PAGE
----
In short, I spent and somehow survived all the wars, including the onset of the 1990 war and all its proceeding ones (the 1992 Octopus, the 1996 Monrovia-April 6 fracas, and September 1998 Monrovia skirmish).
But when LURD rebel-incursion against Taylor’s administration entered Monrovia in 2003, I had to revisit my decision of not leaving Liberia for “just another African country”. This reversal of my decision was even heightened after several near-death situations during the ‘World Wars I and II’ portions of the joint LURD-MODEL rebellion.
And when it was very apparent to me that a ‘World War III’ was very much imminent, I had to take advantage of a Nigerian refugee airplane and head to Nigeria. That Kabo Air experience was my many first-times: my first time ever to be leaving the shores of Liberia, my first time ever to get on airplane and my first time ever to go to a destination where I knew no one and was very uncertain about how survival would mean for me. And the same goes to most, if not all, fellow compatriots on that Nigerian donated airplane. As a matter of fact, it was Kabo Air’s third and eventually last trip to airlift ‘stranded Nigerians’ out of Liberia as provided by the Obasanjo-led Government. But some desperate Liberians including myself took advantage to flee a country that seemed very much on the brink of total collapse.
Few months in Nigeria and my quest to return home was heightened. Nigeria, my geographical sense told me, was a bit far from Liberia. So Ghana was a better choice so that upon the return of peace, I would be among the first batch of returnees and voluntarily of my own efforts too.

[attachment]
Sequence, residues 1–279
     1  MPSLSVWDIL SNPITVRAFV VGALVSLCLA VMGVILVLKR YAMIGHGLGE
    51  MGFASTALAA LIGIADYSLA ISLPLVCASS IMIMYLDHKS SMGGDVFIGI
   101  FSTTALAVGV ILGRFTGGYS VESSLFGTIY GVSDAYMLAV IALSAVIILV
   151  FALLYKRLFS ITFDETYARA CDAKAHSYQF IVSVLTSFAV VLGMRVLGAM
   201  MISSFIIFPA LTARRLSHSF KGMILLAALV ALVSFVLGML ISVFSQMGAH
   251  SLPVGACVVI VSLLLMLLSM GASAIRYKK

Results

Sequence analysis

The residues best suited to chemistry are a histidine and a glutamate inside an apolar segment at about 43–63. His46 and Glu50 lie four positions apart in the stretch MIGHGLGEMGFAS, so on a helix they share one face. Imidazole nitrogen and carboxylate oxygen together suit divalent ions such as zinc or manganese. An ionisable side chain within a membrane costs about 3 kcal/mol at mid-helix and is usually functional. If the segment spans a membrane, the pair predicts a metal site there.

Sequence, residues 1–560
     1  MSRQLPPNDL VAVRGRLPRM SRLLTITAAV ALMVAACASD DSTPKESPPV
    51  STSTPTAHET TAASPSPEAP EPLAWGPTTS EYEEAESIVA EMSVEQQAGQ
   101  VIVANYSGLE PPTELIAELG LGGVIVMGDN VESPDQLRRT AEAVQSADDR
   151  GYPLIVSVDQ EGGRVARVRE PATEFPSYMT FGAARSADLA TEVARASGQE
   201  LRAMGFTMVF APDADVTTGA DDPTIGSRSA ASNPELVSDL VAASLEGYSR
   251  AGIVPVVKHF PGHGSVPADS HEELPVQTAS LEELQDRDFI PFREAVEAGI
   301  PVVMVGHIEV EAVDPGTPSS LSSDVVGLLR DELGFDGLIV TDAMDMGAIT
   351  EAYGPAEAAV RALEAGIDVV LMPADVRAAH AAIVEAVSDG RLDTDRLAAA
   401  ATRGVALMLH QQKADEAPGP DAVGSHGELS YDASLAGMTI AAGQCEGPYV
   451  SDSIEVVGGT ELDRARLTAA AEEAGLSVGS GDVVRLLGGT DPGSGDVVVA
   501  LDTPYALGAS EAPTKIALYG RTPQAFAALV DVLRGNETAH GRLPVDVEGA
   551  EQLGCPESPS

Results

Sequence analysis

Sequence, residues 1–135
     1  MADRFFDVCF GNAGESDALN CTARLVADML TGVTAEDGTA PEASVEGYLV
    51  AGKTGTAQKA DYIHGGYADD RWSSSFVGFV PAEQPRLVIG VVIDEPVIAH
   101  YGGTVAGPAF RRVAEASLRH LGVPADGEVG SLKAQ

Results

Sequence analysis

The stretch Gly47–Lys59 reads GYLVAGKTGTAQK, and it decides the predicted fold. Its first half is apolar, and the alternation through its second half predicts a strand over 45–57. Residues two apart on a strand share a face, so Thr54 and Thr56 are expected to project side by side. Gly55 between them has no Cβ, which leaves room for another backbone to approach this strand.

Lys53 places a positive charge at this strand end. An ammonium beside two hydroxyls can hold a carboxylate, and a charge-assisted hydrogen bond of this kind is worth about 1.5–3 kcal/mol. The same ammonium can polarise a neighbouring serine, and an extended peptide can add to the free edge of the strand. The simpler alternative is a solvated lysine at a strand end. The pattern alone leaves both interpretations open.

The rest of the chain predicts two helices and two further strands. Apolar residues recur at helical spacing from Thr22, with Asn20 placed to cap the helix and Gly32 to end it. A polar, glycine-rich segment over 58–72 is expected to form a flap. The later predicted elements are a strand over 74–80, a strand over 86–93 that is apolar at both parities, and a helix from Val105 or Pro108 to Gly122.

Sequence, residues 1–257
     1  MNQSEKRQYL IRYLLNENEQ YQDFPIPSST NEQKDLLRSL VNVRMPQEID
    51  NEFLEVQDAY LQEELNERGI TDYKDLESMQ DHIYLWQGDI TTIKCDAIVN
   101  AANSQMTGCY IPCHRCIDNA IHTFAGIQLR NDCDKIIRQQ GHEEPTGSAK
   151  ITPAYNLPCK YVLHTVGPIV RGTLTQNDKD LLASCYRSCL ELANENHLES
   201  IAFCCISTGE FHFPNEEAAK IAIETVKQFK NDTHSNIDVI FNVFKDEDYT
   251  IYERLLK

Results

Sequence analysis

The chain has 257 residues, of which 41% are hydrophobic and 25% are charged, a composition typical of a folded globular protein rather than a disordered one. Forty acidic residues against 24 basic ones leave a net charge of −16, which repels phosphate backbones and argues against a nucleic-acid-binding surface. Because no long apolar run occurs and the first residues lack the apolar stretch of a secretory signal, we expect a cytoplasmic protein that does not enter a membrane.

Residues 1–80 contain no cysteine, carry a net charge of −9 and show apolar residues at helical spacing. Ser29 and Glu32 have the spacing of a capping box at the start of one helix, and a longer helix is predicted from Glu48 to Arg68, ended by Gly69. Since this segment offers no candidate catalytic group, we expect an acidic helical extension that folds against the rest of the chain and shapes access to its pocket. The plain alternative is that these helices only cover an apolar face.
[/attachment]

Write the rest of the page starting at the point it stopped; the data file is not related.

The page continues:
And that’s how the journey in Ghana afforded me that opportunity to see firsthand at that Accra hotel how representatives of warlords and other stakeholders were finding a lasting solution to our country’s more than 13 years of civil war. And yes, I applaud myself too for being an ‘unofficial delegate’ at the CPA meeting where I committed myself to go most often to get firsthand outdates than relying on the BBC Focus on Africa aired at 15hrs and 17hrs GMT respectively.
And guess what? When peace finally returned in that 2003, I wasn’t among the first batch to return to Liberia. Though I would later return late 2005 and on time to partake in our country’s first democratic elections after the war, what mattered was that Liberia, a country I have come to love and adore, finally had peace.
And that peace we have been enjoying for the past 16 years!!!!!!!
Nat Bayjay is a Liberian double award-winning journalist whose journalistic prowess came to the fore when he worked for the online (and later print) news outlet FrontPageAfrica where he rose to becoming an editor and its News Bureau Chief between 2009 and 2012. He is currently the Minister Counselor for Press and Public Affairs at the Liberian Embassy in Abuja, the Federal Republic of Nigeria.